Contrasting breast cancer molecular subtypes across serial tumor progression stages: biological and prognostic implications.
Research output: Contribution to journal › Article
The relevance of the intrinsic subtypes for clinical management of metastatic breast cancer is not comprehensively established. We aimed to evaluate the prevalence and prognostic significance of drifts in tumor molecular subtypes during breast cancer progression. A well-annotated cohort of 304 women with advanced breast cancer was studied. Tissue microarrays of primary tumors and synchronous lymph node metastases were constructed. Conventional biomarkers were centrally assessed and molecular subtypes were assigned following the 2013 St Gallen guidelines. Fine-needle aspirates of asynchronous metastases were transcriptionally profiled and subtyped using PAM50. Discordant expression of individual biomarkers and molecular subtypes was observed during tumor progression. Primary luminal-like tumors were relatively unstable, frequently adopting a more aggressive subtype in the metastases. Notably, loss of ER expression and a luminal to non-luminal subtype conversion was associated with an inferior post-recurrence survival. In addition, ER and molecular subtype assessed at all tumor progression stages were independent prognostic factors for post-recurrence breast cancer mortality in multivariable analyses. Our results demonstrate that drifts in tumor molecular subtypes may occur during tumor progression, conferring adverse consequences on outcome following breast cancer relapse.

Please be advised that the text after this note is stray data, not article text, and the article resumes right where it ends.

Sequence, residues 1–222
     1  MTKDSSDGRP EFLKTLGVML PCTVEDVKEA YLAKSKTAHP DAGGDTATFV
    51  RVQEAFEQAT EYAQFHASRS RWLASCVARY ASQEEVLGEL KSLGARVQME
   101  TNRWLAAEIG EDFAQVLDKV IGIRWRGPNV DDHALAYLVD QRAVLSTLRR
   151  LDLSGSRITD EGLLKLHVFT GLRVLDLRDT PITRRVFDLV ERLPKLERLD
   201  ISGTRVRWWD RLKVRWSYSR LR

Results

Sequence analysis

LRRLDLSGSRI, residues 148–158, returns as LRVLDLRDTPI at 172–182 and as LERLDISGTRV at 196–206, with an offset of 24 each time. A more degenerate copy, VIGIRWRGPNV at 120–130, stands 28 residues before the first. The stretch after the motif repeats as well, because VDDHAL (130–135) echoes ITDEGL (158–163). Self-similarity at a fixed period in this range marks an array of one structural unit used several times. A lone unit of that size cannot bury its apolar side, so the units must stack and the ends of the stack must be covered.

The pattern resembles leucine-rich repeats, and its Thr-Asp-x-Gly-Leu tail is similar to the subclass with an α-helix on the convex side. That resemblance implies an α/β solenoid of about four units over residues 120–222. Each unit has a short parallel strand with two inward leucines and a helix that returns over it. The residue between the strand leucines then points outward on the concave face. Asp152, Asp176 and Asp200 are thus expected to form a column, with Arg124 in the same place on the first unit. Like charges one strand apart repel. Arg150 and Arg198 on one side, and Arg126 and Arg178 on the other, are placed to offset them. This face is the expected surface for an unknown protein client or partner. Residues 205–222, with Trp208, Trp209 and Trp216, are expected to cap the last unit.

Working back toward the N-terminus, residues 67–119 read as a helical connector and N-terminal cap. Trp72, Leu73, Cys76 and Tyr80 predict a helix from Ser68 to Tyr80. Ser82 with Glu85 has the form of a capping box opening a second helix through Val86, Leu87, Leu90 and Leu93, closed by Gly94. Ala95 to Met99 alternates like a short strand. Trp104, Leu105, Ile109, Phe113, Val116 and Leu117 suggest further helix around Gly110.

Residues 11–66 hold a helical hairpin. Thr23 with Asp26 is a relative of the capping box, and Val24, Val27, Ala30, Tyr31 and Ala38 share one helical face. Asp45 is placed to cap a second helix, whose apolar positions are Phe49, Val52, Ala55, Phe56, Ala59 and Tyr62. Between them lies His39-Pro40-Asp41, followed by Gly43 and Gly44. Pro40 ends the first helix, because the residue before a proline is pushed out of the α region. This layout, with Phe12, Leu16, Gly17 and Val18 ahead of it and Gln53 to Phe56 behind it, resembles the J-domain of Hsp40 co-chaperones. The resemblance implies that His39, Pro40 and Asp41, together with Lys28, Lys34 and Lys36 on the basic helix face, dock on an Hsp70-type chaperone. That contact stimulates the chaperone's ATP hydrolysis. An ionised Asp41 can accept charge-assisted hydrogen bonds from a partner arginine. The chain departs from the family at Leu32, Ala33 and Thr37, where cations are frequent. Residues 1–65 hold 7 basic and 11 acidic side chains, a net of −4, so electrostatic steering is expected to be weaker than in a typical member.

|Research areas and keywords||
Subject classification (UKÄ) – MANDATORY
|Publication status||Published - 2015|